Solar Terrestrial Activity Report

Last major update issued on August 30, 2004 at 03:30 UTC. Minor update posted at 10:04 UTC.

[Solar and geomagnetic data - last month (updated daily)]
[Solar wind and electron fluence charts (updated daily)]
[Solar cycles 21-23 (last update August 2, 2004)]
[Solar cycles 1-20]
[Graphical comparison of cycles 21, 22 and 23 (last update August 2, 2004)]
[Graphical comparison of cycles 2, 10, 13, 17, 20 and 23 (last update August 2, 2004)]
[Historical solar and geomagnetic data charts 1954-2004 (last update August 28, 2004)]
[Archived reports (last update August 25, 2004)]

Recent activity

The geomagnetic field was quiet to unsettled on August 29. Solar wind speed ranged between 362 and 461 km/sec. A weak solar wind shock was observed at SOHO at 09:20 UTC. The interplanetary magnetic field was mostly northwards for the remainder of the day, however, the IMF swung southwards early on August 30 and a disturbance is currently in progress.

Solar flux measured at 20h UTC on 2.8 GHz was 86.1. The planetary A index was 8 (STAR Ap - based on the mean of three hour interval ap indices: 9.1).
Three hour interval K indices: 22022333 (planetary), 22122222 (Boulder).

The background x-ray flux is at the class A6 level.

At midnight there was 1 spotted region on the visible disk. The solar flare activity level was very low. No C class events were recorded during the day.

Region 10663 decayed slowly and quietly.

New region 10666 in the northeast quadrant had spots for a few hours during the day.

Comment added at 10:04 UTC on August 30: The interplanetary magnetic field swung moderately to strongly southwards after 05h UTC. The geomagnetic field is currently at the active to minor storm level, occasional major storm activity is possible. New negative polarity flux emerged inside the leading positive polarity area early today in region 10663. Several spots with penumbra have become visible and further C class flares are possible.

Coronal mass ejections (CMEs)

August 27-29: No obviously Earth directed CMEs were observed.

Coronal holes

Coronal hole history (since late October 2002)
Compare today's report with the situation one solar rotation ago: 28 days ago 27 days ago 26 days ago

A poorly defined coronal hole (CH111) in the northern hemisphere was in a geoeffective position on August 27-29.

Processed SOHO/EIT 284 image at 01:06 UTC on August 30. The darkest areas on the solar disk are likely coronal holes.


The geomagnetic field is expected to be quiet to active on August 30 - September 1 due to a coronal hole flow.

Coronal holes (1) Coronal mass ejections (2) M and X class flares (3)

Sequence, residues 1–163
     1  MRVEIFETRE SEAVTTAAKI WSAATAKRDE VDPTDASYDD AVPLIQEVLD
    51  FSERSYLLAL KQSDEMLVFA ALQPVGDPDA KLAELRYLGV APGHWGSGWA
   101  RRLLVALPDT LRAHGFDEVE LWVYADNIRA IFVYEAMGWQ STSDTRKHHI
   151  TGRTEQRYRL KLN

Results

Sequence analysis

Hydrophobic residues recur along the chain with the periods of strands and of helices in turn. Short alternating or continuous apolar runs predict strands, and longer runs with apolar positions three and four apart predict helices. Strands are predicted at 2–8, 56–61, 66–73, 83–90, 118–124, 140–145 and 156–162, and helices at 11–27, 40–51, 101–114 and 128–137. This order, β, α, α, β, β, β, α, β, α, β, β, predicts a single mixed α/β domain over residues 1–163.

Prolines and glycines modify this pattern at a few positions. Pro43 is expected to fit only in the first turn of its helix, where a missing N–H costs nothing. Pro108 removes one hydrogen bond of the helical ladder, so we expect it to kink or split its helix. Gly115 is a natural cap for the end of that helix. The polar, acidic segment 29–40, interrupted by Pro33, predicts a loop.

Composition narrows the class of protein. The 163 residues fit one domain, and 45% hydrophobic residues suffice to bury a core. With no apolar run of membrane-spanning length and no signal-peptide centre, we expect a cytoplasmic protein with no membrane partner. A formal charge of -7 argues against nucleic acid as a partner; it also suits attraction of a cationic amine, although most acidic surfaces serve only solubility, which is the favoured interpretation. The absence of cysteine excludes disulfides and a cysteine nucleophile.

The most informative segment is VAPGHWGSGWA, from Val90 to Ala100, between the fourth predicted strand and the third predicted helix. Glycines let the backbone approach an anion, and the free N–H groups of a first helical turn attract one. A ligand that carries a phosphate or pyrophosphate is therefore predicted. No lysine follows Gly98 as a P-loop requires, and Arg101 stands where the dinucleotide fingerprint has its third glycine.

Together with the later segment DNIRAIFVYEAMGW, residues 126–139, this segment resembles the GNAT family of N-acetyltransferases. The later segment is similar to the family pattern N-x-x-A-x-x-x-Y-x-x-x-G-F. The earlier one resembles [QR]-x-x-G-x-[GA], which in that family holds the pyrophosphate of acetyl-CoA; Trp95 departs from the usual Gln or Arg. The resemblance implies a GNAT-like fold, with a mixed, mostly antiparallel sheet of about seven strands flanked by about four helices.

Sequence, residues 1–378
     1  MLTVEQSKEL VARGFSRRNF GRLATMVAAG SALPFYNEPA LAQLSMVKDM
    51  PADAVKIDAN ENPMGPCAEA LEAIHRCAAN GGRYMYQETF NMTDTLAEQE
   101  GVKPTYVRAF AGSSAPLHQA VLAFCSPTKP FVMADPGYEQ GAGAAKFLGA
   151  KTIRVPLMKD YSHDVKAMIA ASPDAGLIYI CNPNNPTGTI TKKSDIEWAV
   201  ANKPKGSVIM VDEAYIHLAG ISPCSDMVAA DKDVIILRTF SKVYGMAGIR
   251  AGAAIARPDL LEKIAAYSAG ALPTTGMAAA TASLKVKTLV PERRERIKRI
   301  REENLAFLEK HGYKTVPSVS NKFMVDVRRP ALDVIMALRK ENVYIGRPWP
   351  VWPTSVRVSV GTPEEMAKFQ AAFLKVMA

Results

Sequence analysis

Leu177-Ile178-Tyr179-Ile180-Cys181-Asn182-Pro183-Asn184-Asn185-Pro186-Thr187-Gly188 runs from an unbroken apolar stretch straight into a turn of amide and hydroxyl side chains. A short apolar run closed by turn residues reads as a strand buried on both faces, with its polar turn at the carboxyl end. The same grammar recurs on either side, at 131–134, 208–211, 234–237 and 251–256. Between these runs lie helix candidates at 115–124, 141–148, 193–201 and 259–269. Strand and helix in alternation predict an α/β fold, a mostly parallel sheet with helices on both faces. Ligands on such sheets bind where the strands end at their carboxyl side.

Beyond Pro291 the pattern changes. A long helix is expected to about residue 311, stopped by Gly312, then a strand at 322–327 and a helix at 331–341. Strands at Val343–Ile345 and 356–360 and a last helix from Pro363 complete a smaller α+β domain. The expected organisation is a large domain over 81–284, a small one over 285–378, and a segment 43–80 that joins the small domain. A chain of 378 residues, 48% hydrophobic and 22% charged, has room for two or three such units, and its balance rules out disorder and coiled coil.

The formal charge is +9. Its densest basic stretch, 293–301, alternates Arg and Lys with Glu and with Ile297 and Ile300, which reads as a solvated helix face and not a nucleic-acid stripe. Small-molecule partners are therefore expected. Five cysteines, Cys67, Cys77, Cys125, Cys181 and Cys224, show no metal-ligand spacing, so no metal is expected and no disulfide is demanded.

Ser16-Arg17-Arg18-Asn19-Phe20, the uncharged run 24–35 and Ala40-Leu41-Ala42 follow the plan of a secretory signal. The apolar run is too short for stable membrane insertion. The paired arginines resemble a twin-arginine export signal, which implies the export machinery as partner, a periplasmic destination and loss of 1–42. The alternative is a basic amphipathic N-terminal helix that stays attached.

Coronal hole indicator CME indicator M and X class flare indicator

1) Effects from a coronal hole could reach Earth within the next 5 days. When the high speed stream has arrived the color changes to green.
2) Material from a CME is likely to impact Earth within 96 hours.
3) There is a possibility of either M or X class flares within the next 48 hours.

Green: 0-20% probability, Yellow: 20-60% probability, Red: 60-100% probability.


Long distance low and medium frequency (below 2 MHz) propagation along east-west paths over high and upper middle latitudes is good. Propagation along long distance north-south paths is poor. Trans Atlantic propagation conditions are monitored every night on 1470 kHz. Dominant station tonight: WLAM Lewiston ME. On other frequencies propagation favored signals from North America with strong signals observed on a number of frequencies. The Quebec stations on 1570 and 1610 were both there, however, signals were strongest from stations in the northeastern USA. WNSW Newark NJ and WENE Endicott NY were both good on 1430 kHz.

Active solar regions (Recent map)

Compare to the previous day's image.

Data for all numbered solar regions according to the Solar Region Summary provided by NOAA/SEC. Comments are my own, as is the STAR spot count (spots observed at or inside a few hours before midnight) and data for regions not numbered by SEC or where SEC has observed no spots. SEC active region numbers in the table below and in the active region map above are the historic SEC/USAF numbers.

Active region Date numbered SEC
Location at midnight Area Classification Comment
10663 2004.08.19 4 1 N07W58 0040 CAO classification was HAX
at midnight, area 0030
10664 2004.08.20 1   S11W85 0060 HSX rotated out of view
10666 2004.08.29 1   N16E31 0000 AXX spotless
Total spot count: 6 1
SSN: 36 11

Monthly solar cycle data

Month Average solar
flux at Earth
International sunspot number Smoothed sunspot number
2000.04 184.2 125.5 120.8
cycle 23 sunspot max.
2000.07 202.3 170.1 119.8
2001.12 235.1 132.2 114.6 (-0.9)
2003.06 129.3 77.4 65.0 (-2.6)
2003.07 127.7 83.3 61.8 (-3.2)
2003.08 122.1 72.7 60.1 (-1.7)
2003.09 112.2 48.7 59.6 (-0.5)
2003.10 151.7 65.5 58.2 (-1.4)
2003.11 140.8 67.3 56.8 (-1.4)
2003.12 114.9 46.5 54.8 (-2.0)
2004.01 114.1 37.7 52.0 (-2.8)
2004.02 107.0 45.8 (49.1 predicted, -2.9)
2004.03 112.0 49.1 (46.5 predicted, -2.6)
2004.04 101.2 39.3 (44.3 predicted, -2.2)
2004.05 99.8 41.5 (41.0 predicted, -3.3)
2004.06 97.4 43.2 (38.2 predicted, -2.8)
2004.07 119.1 51.0 (36.3 predicted, -1.9)
2004.08 111.0 (1) 68.2 (2) (34.9 predicted, -1.4)

1) Running average based on the daily 20:00 UTC observed solar flux value at 2800 MHz.
2) Unofficial, accumulated value based on the Boulder (NOAA/SEC) sunspot number. The official international sunspot number is typically 30-50% less.

This report has been prepared by Jan Alvestad. It is based partly on my own observations and analysis, and partly on data from some of these solar data sources. All time references are to the UTC day. Comments and suggestions are always welcome.

[DX-Listeners' Club]